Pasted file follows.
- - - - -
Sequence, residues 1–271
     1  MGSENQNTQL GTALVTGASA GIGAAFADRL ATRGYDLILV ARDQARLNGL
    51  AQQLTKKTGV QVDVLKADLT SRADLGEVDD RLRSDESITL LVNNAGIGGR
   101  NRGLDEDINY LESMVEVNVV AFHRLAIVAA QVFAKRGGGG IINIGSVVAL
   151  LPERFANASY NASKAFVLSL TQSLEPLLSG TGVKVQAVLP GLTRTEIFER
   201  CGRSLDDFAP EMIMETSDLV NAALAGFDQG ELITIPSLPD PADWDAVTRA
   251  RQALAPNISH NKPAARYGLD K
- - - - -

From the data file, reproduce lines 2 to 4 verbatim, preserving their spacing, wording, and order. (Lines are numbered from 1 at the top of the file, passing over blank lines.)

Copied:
     1  MGSENQNTQL GTALVTGASA GIGAAFADRL ATRGYDLILV ARDQARLNGL
    51  AQQLTKKTGV QVDVLKADLT SRADLGEVDD RLRSDESITL LVNNAGIGGR
   101  NRGLDEDINY LESMVEVNVV AFHRLAIVAA QVFAKRGGGG IINIGSVVAL